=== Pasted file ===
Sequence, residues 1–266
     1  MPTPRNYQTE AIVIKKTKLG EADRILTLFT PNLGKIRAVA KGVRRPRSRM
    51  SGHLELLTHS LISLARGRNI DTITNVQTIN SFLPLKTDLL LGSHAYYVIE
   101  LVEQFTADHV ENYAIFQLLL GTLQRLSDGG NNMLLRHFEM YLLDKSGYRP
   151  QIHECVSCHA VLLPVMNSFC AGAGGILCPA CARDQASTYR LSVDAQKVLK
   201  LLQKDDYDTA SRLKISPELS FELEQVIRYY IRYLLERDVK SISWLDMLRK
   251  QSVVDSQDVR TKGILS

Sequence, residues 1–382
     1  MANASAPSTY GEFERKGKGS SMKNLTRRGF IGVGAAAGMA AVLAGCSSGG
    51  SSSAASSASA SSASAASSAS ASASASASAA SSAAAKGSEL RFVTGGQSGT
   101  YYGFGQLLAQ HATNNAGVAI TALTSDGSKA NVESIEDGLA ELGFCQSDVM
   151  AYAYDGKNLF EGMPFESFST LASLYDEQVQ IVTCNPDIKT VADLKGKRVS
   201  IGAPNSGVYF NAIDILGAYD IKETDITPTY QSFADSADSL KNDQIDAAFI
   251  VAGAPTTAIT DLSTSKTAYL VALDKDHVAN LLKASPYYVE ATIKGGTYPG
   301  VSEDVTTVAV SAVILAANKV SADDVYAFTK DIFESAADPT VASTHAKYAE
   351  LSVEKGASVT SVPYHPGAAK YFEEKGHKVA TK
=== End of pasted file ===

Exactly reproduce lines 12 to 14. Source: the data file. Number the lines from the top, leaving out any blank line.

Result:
   151  AYAYDGKNLF EGMPFESFST LASLYDEQVQ IVTCNPDIKT VADLKGKRVS
   201  IGAPNSGVYF NAIDILGAYD IKETDITPTY QSFADSADSL KNDQIDAAFI
   251  VAGAPTTAIT DLSTSKTAYL VALDKDHVAN LLKASPYYVE ATIKGGTYPG